Music production

ToneStone is a music production app from the people behind Guitar Hero and Left 4 Dead

ToneStone is an application designed to make music production easy, even for users without any music experience, and it’s created by people who have worked on Guitar Hero and Left for dead. Even though the app is officially announced today, it is still in closed beta, and there is a waiting list for those who want to try it. As a music production enthusiast, ToneStone’s interface and gaming features are a lot like my kind of jam, based on the videos I’ve seen of the app and my conversation with founder Greg LoPiccolo.

If you’ve never heard of LoPiccolo, you’ve probably heard of games he helped create. He worked at Harmonix, the studio that created music-based games like Rock band and Guitar Hero. Another founder of ToneStone is Tom Leonard, who has some of Valve’s biggest hits, like Left for dead and Half Life 2, registered on his LinkedIn. LoPiccolo said ToneStone’s mission is to “empower a global community to create and share music,” which he sees as a “basic human need that everyone wants.”

In an attempt to make music production friendly to beginners, ToneStone uses a system of loops and turntables. Think of loops as building blocks of a song – they can be used to add drums, synths, strings, etc. The loops are then organized into decks, which represent different musical genres such as synthwave, trap or pop. ToneStone has built-in preset decks, but you can also create your own and even add your own sounds or recordings as loops.

This video tutorial illustrates what the music making process looks like in the app.

The team behind ToneStone also hopes that it acts as a sort of social music creation platform, making it easier to share your music and remix songs that others have made (at the moment most shares are done on Discord). There have been other games that allow users to make music, but it’s hard to find the line between being too complex for beginners and too simple.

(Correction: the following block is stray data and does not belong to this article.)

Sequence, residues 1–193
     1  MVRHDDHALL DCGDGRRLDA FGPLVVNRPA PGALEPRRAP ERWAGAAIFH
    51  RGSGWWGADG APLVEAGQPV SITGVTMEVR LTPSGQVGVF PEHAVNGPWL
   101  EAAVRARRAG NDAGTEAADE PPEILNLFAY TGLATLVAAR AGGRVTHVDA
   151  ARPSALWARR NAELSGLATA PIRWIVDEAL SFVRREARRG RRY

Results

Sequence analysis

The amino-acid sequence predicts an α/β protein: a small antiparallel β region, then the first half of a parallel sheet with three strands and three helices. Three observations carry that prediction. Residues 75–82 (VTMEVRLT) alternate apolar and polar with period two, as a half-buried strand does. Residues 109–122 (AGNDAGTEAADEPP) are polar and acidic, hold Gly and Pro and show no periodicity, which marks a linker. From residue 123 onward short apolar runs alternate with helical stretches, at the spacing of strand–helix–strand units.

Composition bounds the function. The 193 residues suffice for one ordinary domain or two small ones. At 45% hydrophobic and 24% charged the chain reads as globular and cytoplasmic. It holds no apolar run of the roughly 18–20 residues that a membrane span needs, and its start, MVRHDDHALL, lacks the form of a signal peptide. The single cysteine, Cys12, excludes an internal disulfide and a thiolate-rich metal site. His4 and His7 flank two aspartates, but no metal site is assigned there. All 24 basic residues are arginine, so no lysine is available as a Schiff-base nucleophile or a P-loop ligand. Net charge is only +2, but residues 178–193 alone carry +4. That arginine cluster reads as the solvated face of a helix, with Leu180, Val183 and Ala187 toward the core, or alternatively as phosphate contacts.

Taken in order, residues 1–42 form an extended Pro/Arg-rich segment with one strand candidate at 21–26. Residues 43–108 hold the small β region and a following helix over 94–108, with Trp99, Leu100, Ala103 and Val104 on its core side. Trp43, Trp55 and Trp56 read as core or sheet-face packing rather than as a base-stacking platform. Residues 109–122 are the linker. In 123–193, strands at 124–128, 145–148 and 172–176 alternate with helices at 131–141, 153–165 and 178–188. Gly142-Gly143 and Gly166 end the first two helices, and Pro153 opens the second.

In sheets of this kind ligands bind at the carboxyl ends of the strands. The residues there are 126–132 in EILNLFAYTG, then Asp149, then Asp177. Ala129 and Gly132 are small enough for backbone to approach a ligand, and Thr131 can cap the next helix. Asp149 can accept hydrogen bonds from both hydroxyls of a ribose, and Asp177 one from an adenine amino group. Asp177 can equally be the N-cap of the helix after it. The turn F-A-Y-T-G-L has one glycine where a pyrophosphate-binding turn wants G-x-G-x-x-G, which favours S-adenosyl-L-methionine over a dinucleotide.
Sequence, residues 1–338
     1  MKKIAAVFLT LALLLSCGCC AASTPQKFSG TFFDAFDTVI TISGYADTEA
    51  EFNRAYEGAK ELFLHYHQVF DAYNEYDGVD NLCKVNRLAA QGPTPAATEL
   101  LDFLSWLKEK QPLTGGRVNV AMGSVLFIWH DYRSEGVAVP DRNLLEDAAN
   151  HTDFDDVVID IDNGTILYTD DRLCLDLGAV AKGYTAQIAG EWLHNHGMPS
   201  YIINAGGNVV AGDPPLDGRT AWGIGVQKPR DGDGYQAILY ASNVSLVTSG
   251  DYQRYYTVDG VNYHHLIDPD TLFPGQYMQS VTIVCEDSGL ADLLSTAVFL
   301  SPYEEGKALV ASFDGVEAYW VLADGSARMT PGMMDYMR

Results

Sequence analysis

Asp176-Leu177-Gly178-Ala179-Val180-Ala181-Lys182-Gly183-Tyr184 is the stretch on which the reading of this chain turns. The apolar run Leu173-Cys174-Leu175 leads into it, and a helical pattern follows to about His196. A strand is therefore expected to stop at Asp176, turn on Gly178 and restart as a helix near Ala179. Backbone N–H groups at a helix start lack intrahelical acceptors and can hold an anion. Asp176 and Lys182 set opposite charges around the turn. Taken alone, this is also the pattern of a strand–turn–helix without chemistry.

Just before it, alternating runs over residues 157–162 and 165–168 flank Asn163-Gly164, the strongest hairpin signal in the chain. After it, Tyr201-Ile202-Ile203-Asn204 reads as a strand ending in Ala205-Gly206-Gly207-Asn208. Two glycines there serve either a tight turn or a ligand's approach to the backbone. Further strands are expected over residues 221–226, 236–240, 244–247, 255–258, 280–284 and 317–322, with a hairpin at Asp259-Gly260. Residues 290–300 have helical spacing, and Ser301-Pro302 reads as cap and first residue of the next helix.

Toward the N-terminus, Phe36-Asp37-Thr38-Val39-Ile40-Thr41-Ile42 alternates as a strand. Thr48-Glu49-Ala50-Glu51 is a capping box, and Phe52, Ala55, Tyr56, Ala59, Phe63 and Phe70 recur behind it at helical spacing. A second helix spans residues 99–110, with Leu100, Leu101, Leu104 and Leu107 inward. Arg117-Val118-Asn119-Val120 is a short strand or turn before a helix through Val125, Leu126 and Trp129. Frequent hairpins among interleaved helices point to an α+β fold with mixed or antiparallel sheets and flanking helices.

Remixing another ToneStone user’s song (which is currently shared in Discord) gives you access to the entire project file, or as LoPiccolo says, musical DNA, which allows you to really change. things compared to the original. You can also share all the songs you have created by exporting them as an MP3 file and uploading them to services like SoundCloud.

With founders who have years of experience making games, it’s no surprise that ToneStone has gamified elements. LoPiccolo told me that the tutorials, which are meant to teach the basics of software and music composition, are slightly gamified. He also spoke about the similarities between building a loop game and building a card game in games like Foyer Where Magic: The Gathering – there are also built-in decks, but the real fun comes when you start making your own.

LoPiccolo told me that the team has “some, dare I say it, revolutionary ideas” that are currently in development that “would allow people to make music decisions, write and play music as gameplay. “. While it’s unclear what the actual gameplay will look like, the idea is to give the player enough decisions to get them into the beat, much like what can happen when playing more traditional games like Call of Duty. The difference would be that in the end, you would have a musical creation.